Let’s Prove Them Wrong

Shirin Gerami Opens Doors and Smashes Expectations at Ironman 70.3 Middle East Championships

The Ironman 70.3 in Bahrain has always been an important race to me, not only because it is the Middle East Champs, but also because the first year I raced Bahrain, I was the only woman who raced fully covered.

I was surrounded by these life-loving, energetic, enthusiastic hijabi girls who were standing on the sidelines volunteering, excited by what was going on – but no one raced. I could feel the look of astonishment when they saw a fully covered girl racing, grabbing water from them and stuffing ice sponges down her hood. "Next year, race with me!" I'd tell them with a wink as I ran past.

Over the years, I have seen the number of covered women racing increasing, slowly but surely. I keep receiving messages asking me for tips on clothes and how to participate. This year the participation by covered women was at its highest yet. But there is one thing that gnaws at me: there seems to be an unsaid understanding that there's no way you can 'race' if you're covered head to toe. You may complete the course, and if you do, you will get a little clap – but to do well, that's not possible.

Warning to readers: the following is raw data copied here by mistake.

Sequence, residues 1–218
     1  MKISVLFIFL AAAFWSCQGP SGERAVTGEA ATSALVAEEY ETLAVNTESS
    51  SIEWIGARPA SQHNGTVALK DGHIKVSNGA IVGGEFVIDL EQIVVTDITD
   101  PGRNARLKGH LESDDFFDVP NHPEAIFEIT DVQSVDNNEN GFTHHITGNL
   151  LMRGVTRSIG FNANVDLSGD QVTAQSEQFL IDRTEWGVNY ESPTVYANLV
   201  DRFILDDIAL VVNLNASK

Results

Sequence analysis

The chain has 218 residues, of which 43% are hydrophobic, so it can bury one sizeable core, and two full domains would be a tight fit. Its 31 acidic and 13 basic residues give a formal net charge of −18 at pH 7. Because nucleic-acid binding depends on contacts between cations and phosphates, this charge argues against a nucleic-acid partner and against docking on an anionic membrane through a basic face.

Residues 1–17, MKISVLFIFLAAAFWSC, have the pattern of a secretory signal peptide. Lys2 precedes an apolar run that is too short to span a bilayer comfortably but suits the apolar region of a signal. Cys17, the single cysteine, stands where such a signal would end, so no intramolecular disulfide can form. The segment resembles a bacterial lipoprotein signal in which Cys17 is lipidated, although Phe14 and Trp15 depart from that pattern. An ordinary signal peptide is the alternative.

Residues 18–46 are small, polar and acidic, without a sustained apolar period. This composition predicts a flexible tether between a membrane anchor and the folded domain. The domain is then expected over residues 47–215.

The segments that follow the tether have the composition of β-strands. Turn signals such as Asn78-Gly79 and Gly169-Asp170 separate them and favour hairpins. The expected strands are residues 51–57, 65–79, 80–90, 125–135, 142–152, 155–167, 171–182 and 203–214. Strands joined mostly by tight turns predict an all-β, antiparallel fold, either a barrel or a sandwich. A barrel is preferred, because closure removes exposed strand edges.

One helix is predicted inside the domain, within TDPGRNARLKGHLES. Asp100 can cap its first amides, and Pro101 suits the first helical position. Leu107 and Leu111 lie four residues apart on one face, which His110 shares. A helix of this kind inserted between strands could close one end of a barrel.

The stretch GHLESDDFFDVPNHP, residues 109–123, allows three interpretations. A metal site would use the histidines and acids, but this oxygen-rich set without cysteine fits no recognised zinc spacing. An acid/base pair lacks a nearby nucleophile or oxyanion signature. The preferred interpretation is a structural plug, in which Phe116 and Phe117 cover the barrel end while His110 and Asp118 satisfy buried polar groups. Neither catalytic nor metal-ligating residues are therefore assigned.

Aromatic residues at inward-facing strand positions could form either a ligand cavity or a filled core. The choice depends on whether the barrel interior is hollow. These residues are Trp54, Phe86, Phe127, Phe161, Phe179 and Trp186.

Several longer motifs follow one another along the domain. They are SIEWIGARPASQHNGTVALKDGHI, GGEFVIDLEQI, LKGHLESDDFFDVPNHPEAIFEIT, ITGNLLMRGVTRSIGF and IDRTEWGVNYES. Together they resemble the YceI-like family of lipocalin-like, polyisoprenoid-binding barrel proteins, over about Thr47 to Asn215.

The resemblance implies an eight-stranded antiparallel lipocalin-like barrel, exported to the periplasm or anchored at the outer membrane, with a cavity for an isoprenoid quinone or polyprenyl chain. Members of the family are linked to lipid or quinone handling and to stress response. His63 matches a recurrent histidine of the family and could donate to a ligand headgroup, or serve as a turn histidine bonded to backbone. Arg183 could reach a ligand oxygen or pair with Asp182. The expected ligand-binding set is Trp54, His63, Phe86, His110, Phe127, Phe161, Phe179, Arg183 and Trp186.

You have no idea how much I've wanted to prove this understanding wrong.

This year, I became the Middle East Champion in Bahrain. In fact, I got the fastest bike-split in my age group category at 2:11, 11th fastest including the pro women. All whilst fully covered from head to toe, from wrist to ankle, covering my hair and neck.

Photo courtesy My Lens 600, FinisherPix, Shirin Gerami

I want both the athlete and the sceptic on-looker to know that you can be anyone, from any background, from any religion, complying to any degree of covering you bloody want... and still be as strong, competent and competitive as your peers. There is no barrier or limit to your dream. I qualified to race the World Championships at this race. Do you reckon I could hit the nail on its head, for once and for all in 2020? Could I be strong enough to stand on the podium at a world championship event, regardless of my background or choice of clothes?